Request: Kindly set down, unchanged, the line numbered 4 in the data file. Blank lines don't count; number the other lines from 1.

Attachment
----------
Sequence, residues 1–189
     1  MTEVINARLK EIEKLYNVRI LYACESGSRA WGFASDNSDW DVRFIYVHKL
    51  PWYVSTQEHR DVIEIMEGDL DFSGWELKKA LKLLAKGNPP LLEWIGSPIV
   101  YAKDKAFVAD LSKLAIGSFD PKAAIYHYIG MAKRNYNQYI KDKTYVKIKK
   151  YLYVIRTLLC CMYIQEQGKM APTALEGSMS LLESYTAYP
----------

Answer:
   101  YAKDKAFVAD LSKLAIGSFD PKAAIYHYIG MAKRNYNQYI KDKTYVKIKK